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Aleksander Jevšek, Director of the Criminal Police Directorate at the General Police Directorate, and Iztok Perenič, Head of the Criminal Police Division at the Koper Police Directorate, held a press conference today to present a successful, just completed criminal investigation of the criminal offences of economic crime and corruption, in which several individuals were arrested. They also described the problems associated with the investigation of corruption criminal offences and gave some statistical data.

 mg 6693From left to right: Iztok Perenič, Head of the Criminal Police Division at the Koper Police Directorate, Aleksander Jevšek, Director of the Criminal Police Directorate at the General Police Directorate, and Drago Menegalija, Police Public Relations Officers for Criminal Matters

Criminal Investigation

At the end of January 2009 a former director of a company in the area of Koper Police Directorate reported to the criminal police that a 43-year-old official receiver from Ljubljana, and a 31-year-old man with temporary residence in the area of Koper Police directorate, who works for her, demanded him to pay a EUR 20,000 bribe. In return they offered to issue an altered opening balance of the company that has declared bankruptcy, whose director he was before bankruptcy. The opening balance would not include several ten thousand euro of claims of the company on the former director, which means that these funds would not be part of the bankrupt company's estate. The former director filed a crime report at the Koper Police Directorate and submitted evidence that gave ground for the suspicion that both suspects demanded a bribe.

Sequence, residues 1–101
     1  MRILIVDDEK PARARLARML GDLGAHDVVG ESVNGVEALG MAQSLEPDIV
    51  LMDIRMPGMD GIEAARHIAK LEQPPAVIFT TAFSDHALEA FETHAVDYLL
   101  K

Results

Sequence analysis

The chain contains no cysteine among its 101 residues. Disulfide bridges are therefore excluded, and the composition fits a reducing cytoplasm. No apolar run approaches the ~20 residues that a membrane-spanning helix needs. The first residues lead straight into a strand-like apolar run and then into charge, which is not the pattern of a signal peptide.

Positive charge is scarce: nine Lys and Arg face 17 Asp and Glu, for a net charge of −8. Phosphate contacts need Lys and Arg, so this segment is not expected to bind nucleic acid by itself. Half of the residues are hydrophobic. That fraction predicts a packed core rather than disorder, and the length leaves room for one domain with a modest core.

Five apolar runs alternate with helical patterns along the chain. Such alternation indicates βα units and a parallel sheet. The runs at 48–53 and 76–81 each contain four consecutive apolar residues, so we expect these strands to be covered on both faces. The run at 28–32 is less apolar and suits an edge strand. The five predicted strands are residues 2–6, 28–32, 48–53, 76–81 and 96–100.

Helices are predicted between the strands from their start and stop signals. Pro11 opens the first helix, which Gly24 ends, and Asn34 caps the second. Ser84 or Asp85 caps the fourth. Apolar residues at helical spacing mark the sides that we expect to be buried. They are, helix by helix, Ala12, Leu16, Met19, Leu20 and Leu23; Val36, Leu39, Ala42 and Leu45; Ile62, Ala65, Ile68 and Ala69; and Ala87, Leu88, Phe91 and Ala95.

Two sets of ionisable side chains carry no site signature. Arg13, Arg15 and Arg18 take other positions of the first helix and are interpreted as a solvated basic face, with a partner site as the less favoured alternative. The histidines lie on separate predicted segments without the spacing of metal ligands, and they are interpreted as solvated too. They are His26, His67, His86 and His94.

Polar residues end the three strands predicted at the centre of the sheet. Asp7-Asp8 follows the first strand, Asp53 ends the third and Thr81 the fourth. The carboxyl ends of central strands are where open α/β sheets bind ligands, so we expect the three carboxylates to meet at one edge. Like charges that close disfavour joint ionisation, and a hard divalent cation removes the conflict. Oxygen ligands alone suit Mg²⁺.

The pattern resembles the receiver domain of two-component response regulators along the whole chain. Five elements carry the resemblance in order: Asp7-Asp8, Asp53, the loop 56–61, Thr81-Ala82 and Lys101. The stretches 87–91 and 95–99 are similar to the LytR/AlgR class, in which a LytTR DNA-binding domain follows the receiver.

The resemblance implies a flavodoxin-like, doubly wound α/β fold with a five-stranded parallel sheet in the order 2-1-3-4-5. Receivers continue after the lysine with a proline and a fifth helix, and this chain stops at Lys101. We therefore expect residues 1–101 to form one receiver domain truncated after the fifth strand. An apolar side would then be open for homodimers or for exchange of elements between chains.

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Iztok Perenic, Head of the Criminal Police Division at the Koper Police Directorate

Police officers confirmed that bankruptcy had indeed been initiated for the company whose former director reported the criminal offence, with a decision of the Koper District Court at the end of 2008. It was discovered that the official receiver invited the former director of the company to her office in Ljubljana as soon as bankruptcy was declared and accused him of irregularities in business operations that she had allegedly seen in book-keeping documents, and especially irregularities connected to personal loans from the company in the amount of several tens of thousand euro.

The former director tried to explain to her the business operations and difficulties but she was not interested. Instead she threatened to report him and tried to justify it in different ways. Then she personally demanded a bribe and on 6 February 2009 accepted the bribe in the amount of EUR 20,000. In return they illegally altered the balance to show that the company had no claims on the former director.

The investigation confirmed his accusations and the fact that the receiver had had a partner, who contacted the former director several times in person and over the phone, demanding a bribe on behalf of the receiver. They were helped by the partner's 34-year-old sister from Koroska, whose contribution was to produce a forged opening balance sheet of the company declared bankrupt - the same that the receiver then handed over to the former director in return for the bribe.

On 6 February, immediately after the receiver had accepted the bribe in the presence of the 31-year old partner, both suspects were arrested and house searches were carried out on the basis of court orders. The 34-year-old suspect from Koroska was also arrested and her house and office were searched.

During the search of the receiver's law firm in Ljubljana a representative of the Bar Association was present. The criminal investigators were mostly looking for the EUR 20,000 bribe the receiver had accepted. The money was finally found below a window of one of the law firm's offices.

Police detention was ordered for all three suspects; two of them were detained for 48 hours, and the 34-hour woman was released after house searches were completed.